Church takes unique approach to vandalism incident

Monday, November 18, 2019
News 12 at 5 and 6 o'clock

AUGUSTA, GA (WRDW/WAGT) -- A local church is taking a unique approach after getting vandalized.

The Unitarian Universalist Church of Augusta says they will purposely keep the graffiti up for at least a week to give people time to come look at it. They will also use it as part of their conversation about acceptance and compassion.

"It's important for the people of our community to know that this exists, to take a stand," said Church President Andy Reese.

The graffiti at the church depicts crossed-out Jewish Star's of David and a message that read "God will not be mocked." Interestingly, while the graffiti had antisemitic overtones, the church is based in Christianity.

Reverend Don Cameron says he is very proud of the way his congregation is handling this. He says they have stayed true to their principles and are determined to continue spreading their message of inclusion.

"We learned we're not scared. It's made us stronger. It's reminded us why we're here and what we represent and how we can Augusta be a better place to live," said Cameron.

Georgia is one of four states (including South Carolina) that does not have hate crime laws.

"By not having that, we are tacitly saying that hate crimes are not particularly serious," said Reese.

Regardless, Rev. Cameron says he, nor other members of the church, are angry with the person who did this.

"We have no malice towards anyone and we're sorry that it happened but we have no anger," he said.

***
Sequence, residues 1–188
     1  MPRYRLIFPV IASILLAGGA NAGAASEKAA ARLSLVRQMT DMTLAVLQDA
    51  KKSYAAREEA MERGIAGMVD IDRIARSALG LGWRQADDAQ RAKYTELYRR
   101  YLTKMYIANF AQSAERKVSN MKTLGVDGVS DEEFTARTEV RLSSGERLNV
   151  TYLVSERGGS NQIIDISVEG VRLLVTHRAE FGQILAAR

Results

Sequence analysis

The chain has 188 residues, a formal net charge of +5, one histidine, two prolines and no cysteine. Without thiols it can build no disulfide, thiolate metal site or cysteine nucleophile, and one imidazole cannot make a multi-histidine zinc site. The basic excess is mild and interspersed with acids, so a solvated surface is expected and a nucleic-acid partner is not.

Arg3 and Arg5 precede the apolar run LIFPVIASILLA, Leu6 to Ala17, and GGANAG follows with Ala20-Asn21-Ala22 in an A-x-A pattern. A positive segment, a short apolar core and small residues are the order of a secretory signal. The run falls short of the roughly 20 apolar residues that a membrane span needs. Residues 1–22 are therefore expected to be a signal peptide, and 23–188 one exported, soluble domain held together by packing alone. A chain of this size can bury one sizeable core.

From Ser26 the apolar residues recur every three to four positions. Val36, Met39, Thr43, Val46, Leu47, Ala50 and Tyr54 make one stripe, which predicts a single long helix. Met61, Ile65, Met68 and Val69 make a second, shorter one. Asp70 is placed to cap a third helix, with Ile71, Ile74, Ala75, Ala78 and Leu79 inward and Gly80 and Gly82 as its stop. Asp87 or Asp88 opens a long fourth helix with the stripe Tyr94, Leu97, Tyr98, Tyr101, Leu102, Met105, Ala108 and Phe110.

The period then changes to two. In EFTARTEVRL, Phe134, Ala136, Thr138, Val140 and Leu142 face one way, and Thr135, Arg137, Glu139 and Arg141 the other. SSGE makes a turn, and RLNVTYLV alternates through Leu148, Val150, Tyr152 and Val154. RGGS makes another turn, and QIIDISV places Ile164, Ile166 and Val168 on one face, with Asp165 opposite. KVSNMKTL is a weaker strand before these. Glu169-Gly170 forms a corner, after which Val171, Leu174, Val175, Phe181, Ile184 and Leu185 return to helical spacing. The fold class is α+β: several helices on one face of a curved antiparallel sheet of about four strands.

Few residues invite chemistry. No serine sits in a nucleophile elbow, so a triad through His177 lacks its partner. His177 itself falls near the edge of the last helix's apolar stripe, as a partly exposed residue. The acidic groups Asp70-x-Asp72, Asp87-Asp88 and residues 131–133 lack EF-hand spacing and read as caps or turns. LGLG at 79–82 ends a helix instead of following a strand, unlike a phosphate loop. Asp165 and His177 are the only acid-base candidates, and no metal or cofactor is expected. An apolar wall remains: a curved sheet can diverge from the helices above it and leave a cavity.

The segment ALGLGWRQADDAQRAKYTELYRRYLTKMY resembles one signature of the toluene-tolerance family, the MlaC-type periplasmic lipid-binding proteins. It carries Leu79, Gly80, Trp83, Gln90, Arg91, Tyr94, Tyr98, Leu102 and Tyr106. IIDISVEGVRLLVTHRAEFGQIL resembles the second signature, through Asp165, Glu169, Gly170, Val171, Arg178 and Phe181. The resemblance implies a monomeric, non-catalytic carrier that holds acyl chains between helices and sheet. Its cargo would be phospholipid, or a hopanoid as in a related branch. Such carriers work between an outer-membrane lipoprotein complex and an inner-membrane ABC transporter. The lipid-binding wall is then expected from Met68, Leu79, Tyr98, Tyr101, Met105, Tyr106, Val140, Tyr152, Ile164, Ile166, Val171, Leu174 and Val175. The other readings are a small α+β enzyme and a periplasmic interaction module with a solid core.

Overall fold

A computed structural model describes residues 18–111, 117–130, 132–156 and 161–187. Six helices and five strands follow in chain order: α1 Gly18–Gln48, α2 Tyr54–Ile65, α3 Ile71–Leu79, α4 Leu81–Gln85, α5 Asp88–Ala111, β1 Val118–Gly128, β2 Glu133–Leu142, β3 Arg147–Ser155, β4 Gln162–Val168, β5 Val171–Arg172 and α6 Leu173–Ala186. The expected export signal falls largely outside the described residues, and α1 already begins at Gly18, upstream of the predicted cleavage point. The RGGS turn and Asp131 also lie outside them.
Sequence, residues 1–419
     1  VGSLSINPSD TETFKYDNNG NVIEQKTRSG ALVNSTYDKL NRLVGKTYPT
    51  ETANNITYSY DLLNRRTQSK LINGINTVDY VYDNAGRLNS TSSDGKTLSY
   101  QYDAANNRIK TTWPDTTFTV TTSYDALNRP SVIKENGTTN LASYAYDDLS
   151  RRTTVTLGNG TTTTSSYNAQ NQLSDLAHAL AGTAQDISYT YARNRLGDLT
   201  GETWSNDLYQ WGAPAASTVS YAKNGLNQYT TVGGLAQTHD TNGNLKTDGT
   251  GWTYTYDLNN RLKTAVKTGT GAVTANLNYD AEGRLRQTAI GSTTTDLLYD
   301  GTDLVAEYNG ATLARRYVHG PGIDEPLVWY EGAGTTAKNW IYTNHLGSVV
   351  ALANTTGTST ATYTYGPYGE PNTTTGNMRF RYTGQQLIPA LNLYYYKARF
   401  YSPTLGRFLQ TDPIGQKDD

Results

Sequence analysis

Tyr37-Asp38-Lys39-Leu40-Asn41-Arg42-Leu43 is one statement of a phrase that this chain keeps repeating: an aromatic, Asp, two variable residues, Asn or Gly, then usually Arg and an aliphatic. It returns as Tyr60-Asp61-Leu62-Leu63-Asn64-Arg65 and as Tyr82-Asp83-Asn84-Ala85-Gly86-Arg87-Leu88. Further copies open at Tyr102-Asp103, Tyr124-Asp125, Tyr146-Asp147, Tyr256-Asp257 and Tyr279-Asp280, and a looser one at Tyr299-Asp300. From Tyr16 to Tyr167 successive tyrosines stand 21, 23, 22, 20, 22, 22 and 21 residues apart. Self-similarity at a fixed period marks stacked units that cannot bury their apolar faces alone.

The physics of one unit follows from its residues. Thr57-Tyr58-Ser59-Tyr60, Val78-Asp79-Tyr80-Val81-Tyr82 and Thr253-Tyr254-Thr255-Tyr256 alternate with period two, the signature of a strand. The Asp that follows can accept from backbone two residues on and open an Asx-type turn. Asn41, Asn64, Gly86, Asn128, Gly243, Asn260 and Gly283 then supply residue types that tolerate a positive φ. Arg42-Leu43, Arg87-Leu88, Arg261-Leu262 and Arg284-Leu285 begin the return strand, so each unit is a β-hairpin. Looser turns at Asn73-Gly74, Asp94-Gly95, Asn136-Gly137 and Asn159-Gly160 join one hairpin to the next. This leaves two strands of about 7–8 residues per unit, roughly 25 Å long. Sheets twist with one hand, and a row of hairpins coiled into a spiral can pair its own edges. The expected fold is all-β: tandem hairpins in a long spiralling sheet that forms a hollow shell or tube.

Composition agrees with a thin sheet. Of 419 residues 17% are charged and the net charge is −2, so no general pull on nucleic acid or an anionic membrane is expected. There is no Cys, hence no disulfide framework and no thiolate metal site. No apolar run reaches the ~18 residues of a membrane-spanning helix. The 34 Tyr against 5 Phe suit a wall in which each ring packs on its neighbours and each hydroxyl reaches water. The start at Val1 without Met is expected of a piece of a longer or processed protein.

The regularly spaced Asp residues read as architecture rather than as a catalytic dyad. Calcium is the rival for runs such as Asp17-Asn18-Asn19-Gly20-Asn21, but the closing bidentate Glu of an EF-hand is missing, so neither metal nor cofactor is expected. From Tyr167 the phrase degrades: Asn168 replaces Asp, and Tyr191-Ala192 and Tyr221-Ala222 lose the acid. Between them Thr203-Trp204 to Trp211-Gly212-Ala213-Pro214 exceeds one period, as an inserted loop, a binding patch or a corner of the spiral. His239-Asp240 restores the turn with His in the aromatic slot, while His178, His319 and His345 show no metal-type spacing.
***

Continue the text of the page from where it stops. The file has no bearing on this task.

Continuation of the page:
Because of Unitarian Universalist's support for the LGBTQ community and other progressive causes, Reese says he had a feeling something like this would happen eventually.

"It's something that's not unexpected, but certainly not welcome," he said. "It's the nature of the times."

Now, both Reese and Rev. Cameron want to invite the vandal to the church to see what they're all about. They say they do not even ask the vandal to confess, rather he can show up anonymously.

"We would love to have you. We are a welcoming congregation. Everybody is welcome. When we say we respect the inherent worth and dignity of every person, there are no exceptions. We mean every person," said Reese.

The Richmond County Sheriff's Office is investigating this incident. The church does have a security camera, but because it is facing a street lamp, Reese says there is a bad glare and they have not yet been able to make out the identity of the suspect.

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